Display and upkeep
🦄 A little bit of positivity for everyone :D
This will vary completely depending on where you live, therefore the following information will be rather generic.
In order to get the best shelving for your display, you will need to do your own research and work out what will be suit your other furniture, the space you have and the money you're wishing to spend. It is always worth investing in shelving that looks good since it will improve the appearance of your display greatly, than buying the cheapest piece of shit that fits whatever space you are using. Make sure to read reviews of whatever you are buying if possible, there have been far too many incidents where something has broken/fallen apart with expensive figures on it because the owner wasn't willing to spend more money. However if you do feel the need to pay the least you can on garbage, then please remember to take photographs before you tidy up and share them.
The standard and most recommended pieces of furniture are from IKEA and they are the DETOLF and BILLY.
The DETOLF is a glass cabinet which has four shelves and fits two to three 1/6 scale figures on each shelf, with a lot of vertical room meaning taller figures can fit easily. The DETOLF is easy to build and setup with only one person, although the instructions recommend two. Make sure you follow the instructions and place the metal supports facing inside the DETOLF, there has been at least one case of someone doing this incorrectly which caused the shelves with their figures on it to fall. The DETOLF is not the most secure of displays, it wobbles when there is movement near it and it can be difficult to light without hideous wires making your display look worse. Here is a German blog that shows how to completely hide the wires in a DETOLF. Here is a detailed guide by Anon with a slightly different approach. If you really are worried about dust, then you can dust-proof your DETOLF through different methods. If you need to adjust the height of your shelves, or add additional shelves, you can use 3/16" wire rope clips. See here for a guide.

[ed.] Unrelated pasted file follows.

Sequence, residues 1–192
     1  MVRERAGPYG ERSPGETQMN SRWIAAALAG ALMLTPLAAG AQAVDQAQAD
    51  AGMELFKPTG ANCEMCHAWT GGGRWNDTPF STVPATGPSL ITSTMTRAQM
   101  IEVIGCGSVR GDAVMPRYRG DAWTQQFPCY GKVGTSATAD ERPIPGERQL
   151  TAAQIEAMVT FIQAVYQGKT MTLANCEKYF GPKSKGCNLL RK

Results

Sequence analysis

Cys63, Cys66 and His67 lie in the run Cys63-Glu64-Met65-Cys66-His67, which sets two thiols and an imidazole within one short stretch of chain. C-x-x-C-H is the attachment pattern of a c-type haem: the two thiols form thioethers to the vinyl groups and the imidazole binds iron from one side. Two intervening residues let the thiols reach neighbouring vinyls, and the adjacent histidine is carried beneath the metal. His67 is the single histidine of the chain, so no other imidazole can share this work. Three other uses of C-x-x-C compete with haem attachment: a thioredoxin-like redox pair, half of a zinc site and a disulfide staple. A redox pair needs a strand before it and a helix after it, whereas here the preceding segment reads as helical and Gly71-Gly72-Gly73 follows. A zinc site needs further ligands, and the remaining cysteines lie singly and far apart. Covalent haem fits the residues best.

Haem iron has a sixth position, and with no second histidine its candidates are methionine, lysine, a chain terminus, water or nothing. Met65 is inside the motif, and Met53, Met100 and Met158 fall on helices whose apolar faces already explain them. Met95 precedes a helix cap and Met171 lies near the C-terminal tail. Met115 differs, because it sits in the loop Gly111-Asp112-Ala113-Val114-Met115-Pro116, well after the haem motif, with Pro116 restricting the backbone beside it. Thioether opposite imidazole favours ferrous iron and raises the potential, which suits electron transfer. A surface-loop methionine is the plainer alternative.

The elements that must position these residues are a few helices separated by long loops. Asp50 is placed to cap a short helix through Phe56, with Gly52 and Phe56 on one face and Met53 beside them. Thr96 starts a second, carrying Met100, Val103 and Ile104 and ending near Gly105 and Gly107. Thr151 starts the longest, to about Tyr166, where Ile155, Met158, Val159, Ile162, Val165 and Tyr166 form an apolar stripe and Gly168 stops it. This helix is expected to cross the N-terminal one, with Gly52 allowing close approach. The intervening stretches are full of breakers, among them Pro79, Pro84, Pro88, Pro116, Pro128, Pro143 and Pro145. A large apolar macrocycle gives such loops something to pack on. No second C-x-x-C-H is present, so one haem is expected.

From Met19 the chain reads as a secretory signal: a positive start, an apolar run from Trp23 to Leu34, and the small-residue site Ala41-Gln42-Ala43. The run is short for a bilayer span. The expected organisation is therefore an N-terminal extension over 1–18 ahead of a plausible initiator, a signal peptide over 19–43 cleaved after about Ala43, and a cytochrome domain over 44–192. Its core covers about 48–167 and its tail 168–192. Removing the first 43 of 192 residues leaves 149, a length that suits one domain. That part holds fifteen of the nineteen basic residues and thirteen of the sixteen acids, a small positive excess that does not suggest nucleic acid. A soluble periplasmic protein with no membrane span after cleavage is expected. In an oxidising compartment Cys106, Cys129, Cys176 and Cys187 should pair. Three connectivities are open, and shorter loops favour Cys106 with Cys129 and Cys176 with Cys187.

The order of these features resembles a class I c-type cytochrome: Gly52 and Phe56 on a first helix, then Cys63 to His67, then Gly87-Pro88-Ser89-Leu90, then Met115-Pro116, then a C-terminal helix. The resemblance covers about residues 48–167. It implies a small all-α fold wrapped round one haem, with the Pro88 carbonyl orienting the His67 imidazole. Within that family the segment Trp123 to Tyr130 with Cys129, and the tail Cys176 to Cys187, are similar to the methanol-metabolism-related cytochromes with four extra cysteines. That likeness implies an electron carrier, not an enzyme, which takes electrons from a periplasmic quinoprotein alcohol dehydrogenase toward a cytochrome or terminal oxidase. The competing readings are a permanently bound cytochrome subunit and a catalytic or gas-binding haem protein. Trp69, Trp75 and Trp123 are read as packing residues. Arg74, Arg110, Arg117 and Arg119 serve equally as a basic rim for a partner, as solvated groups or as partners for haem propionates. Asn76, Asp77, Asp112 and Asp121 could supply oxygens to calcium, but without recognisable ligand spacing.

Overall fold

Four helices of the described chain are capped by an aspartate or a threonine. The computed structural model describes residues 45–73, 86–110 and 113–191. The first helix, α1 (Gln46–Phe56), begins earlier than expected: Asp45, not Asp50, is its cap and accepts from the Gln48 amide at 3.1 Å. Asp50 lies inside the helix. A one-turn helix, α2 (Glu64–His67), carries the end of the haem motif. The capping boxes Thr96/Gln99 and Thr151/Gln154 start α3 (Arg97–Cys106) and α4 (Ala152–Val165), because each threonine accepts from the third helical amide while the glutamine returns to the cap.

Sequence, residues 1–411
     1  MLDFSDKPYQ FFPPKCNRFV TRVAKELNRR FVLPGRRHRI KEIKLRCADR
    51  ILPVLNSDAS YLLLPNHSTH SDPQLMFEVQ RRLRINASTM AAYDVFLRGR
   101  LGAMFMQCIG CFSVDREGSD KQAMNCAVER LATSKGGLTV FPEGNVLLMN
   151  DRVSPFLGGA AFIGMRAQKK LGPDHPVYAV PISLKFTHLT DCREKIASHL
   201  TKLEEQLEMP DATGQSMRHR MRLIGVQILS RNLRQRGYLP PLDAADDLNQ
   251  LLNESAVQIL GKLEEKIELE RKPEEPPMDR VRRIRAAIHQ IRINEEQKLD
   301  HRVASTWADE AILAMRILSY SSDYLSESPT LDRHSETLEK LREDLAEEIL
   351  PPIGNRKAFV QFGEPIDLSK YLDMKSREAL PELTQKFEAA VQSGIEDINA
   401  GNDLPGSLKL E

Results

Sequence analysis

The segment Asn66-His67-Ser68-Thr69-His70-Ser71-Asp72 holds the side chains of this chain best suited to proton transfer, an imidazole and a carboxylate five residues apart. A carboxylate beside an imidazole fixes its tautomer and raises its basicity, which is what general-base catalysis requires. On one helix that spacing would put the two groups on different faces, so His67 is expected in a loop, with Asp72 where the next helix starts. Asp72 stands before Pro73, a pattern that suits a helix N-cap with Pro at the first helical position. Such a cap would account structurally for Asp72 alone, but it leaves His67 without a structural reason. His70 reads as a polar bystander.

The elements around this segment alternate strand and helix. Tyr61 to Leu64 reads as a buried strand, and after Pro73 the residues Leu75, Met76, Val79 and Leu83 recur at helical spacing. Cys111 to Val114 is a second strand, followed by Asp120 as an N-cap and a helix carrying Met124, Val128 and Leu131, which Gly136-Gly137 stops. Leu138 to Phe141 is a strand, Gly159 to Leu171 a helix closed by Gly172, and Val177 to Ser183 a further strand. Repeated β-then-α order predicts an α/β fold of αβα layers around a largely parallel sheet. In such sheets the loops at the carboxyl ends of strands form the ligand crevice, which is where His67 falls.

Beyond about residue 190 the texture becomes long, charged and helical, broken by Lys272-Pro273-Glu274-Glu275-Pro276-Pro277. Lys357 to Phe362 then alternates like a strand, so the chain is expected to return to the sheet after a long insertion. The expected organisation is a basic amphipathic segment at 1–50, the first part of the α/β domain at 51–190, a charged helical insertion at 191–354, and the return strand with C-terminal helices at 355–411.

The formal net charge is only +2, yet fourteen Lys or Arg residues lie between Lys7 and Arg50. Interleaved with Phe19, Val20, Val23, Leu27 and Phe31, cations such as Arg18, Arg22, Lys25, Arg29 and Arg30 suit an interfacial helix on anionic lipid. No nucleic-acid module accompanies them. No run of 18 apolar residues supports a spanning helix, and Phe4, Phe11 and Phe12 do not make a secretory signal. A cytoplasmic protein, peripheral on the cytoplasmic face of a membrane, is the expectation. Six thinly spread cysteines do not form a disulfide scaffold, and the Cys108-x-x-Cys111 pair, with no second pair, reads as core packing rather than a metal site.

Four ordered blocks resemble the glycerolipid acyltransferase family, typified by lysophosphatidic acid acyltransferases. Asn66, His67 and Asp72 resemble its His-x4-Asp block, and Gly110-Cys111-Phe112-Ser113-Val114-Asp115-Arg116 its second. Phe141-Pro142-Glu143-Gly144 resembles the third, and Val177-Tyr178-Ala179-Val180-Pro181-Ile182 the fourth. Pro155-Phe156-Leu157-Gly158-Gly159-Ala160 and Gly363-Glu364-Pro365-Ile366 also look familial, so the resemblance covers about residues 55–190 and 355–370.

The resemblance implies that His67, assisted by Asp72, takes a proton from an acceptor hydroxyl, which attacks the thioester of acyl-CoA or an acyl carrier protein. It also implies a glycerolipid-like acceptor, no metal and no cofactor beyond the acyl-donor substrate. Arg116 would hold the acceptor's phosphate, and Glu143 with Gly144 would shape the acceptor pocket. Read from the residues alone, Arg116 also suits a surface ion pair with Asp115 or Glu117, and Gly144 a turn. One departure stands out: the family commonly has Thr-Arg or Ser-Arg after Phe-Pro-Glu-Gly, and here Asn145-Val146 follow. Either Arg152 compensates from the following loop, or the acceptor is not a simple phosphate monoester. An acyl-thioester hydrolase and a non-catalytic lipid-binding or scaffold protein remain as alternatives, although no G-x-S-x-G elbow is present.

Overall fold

If it is necessary to transport your DETOLF at a later date, this guide will help you with the packaging.
The BILLY series are open bookshelves which come in various sizes and can be adjusted to suit your needs. The largest of these can comfortable fit three 1/6 scale figures on each shelf, with a total of six shelves per BILLY. These are also available in various colors but most Anon go for either black-brown or white, purchase whatever color will fit in with the rest of your decor. Adding lighting to your BILLY is very simple, drill a hole in the backing where the shelf above meets the back and pass the wires through there, while sticking your light to the top of the shelf. You can purchase MORLIDEN glass doors for the BILLY, which can improve the look of the bookcase and stop dust from getting to your figures, this increases the weight of the bookcase so make sure to secure it via the included parts.